Glossary of Common Formal Elements of Literature
The following is a partial list, in alphabetical order of the formal elements of literary works that are often the focus of literary study and essays. Of course, not every essay considers all of these formal elements. Often an essay writer will consider one or some of these elements in relation a work's themes.
- Point of View
A reference, often indirect, inside a work to something outside it, such as a person, place, event, or other work. When making an allusion, the author often assumes that the reader knows something about the external referent and will understand how mentioning it adds to the meaning of the work.
How the characters of the work are presented to the reader or viewer, their actions, their personalities, their thoughts and motivations. A good plot springs from the characters and should help reveal character and show character development.
Both deal with word meaning.
Connotation: the implications, feelings and cultural associations a word has collected through its use over time, for example, the association of red roses with romantic love. Some words have more connotations than others; for example, the word "home" means more than the word "house," or the word "heart" has more connotations than lungs or appendix.
Denotation: the explicit meaning or dictionary definition of a word.
The words and grammatical constructions a writer selects and which may reveal, among other things, the nationality and level of education of the writer or of the literary character given those words by the writer. A writer's diction will affect the "tone" of the text and its meaning, as the writer will make choices alert to denotation and connotation.
This term comes from the French and means "type" or "kind." Literature is divided up into genres or types, which share conventions or similar features. The major literary genres are drama, poetry, and fiction, which can be categorized further by type. For example, fiction can be categorized by length: novels, novellas, short stories, and by content: the realistic novel, romance novel, fantasy novel, mystery novel and so on.
Descriptive language that evokes all the senses and calls to the reader's or viewer's mind sights, sounds, smells, tastes and other physical sensations. Imagery in literature helps the reader or viewer to become more involved in the work by providing concreteness to the setting and characters and helping in the creation of meaning.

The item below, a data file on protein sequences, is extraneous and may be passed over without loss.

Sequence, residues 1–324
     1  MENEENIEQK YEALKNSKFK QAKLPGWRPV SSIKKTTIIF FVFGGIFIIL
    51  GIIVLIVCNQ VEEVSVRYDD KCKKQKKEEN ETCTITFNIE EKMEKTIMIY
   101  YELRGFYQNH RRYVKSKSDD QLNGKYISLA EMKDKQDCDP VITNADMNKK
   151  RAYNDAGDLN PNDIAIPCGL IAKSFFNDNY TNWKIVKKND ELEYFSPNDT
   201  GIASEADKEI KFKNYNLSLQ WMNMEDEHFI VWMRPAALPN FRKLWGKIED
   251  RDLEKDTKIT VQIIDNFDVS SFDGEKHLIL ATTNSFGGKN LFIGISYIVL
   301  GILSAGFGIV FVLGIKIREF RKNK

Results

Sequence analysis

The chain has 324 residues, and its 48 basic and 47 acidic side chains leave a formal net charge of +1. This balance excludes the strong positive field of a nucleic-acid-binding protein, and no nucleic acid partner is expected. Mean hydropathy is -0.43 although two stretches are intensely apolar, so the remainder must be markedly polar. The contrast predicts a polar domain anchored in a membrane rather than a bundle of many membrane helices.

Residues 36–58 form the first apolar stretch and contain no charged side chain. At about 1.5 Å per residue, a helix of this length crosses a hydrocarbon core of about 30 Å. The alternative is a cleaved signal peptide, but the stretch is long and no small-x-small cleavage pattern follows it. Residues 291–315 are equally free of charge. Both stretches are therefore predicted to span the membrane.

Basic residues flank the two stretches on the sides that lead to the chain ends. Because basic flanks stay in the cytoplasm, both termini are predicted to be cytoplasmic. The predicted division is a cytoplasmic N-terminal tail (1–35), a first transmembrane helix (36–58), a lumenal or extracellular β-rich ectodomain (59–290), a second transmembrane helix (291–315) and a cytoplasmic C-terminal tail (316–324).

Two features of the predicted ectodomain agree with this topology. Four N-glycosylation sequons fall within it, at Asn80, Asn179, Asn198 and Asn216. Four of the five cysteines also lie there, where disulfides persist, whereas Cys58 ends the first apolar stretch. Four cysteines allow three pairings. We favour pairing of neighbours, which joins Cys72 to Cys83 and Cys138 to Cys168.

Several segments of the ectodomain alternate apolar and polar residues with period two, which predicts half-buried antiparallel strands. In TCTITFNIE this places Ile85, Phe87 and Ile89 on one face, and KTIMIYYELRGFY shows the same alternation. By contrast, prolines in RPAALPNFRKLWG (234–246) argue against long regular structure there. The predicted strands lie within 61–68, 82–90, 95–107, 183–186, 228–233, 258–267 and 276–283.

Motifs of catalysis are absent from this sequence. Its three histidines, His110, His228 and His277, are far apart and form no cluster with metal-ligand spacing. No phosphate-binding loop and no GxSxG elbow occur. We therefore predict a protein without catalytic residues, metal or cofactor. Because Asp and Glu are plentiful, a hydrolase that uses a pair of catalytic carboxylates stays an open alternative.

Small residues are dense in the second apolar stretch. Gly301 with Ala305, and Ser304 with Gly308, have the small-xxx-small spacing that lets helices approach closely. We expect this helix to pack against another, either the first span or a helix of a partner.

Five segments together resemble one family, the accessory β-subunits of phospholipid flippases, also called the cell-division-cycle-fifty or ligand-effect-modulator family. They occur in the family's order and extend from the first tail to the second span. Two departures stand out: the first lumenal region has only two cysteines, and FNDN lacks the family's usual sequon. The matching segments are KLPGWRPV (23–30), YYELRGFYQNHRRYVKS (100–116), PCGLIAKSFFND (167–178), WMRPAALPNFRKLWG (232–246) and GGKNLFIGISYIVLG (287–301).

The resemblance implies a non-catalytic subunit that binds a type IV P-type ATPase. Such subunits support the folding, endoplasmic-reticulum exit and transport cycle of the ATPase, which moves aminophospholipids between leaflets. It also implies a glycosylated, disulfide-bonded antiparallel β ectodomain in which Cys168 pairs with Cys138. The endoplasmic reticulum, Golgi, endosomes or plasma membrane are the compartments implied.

The word "imagery" is also used for other kinds of figurative language, such as metaphor and simile.
Plays with the differences between appearances and reality, or between meaning and the words used to convey that meaning. An example of verbal irony would be "Nice hair" to comment on a bad haircut. Dramatic irony occurs when a character says or does something without the knowledge that the other characters and/or the readers/viewers have.
A form of imagery that uses figurative language to compare something to something else without using "like"or "as" or other comparative terms.
"There she weaves by night and day
a magic web with colours gay."
(from "The Lady of Shalott" by Alfred, Lord Tennyson)
The cloth the lady is weaving is compared to a web.
What happens, the chronology of events. If someone asks you what a novel or a movie is about, you probably reply with a summary of the plot, or the series of actions that make up the story.
The perspective from which a story is told. Whose voice is narrating events and how much that narrator knows have great bearing on the impact of a work. The two most common narrative view points are first person, in which the narrator uses "I" and is usually part of the story, and third person, in which the story is told by a narrator who is not part of the story, does not use "I" (usually), and often knows a great deal if not everything about the characters and plot, that is, is an ""omniscient narrator."
A sound device in which identical or very similar sounds are repeated, often at the ends of lines in poems or songs:
"And fare thee weel, my only love,
And fare thee weel a while!
And I will come again, my love,
Thou' it were then thousand mile."
(from "A Red, Red Rose" by Robert Burns)
In poetry, the stresses that come at regular intervals to create effect. Poetry is built on a rhythmic pattern, called metre, which also contributes to effect and meaning. A metrical pattern is made up of a sequence of stressed and unstressed syllables.
Where and when the plot occurs, the environment in which the characters are described as living. This environment includes the natural environment, the material environment, and the social environment.
A form of imagery that uses figurative language to show similarities between things that are different, using words like "like" or "as."
"My love is like a red, red rose
That's newly sprung in June:
My love is like the melody
That's sweetly played in tune."
(from "A Red, Red Rose" by Robert Burns)
What we know about a red rose and a melody helps us to understand what the beloved is like.
Structure is anything made with a clear organizational pattern. Every literary work has structure of some sort; sometimes the structure is new and original; often, it follows a known, set format, for example, that of a sonnet or a haiku.
A symbol is a thing that represents another thing that is usually larger and more abstract. For example, the maple leaf is a symbol of Canada. In literature, words, characters, setting, events and situations can all be symbolic.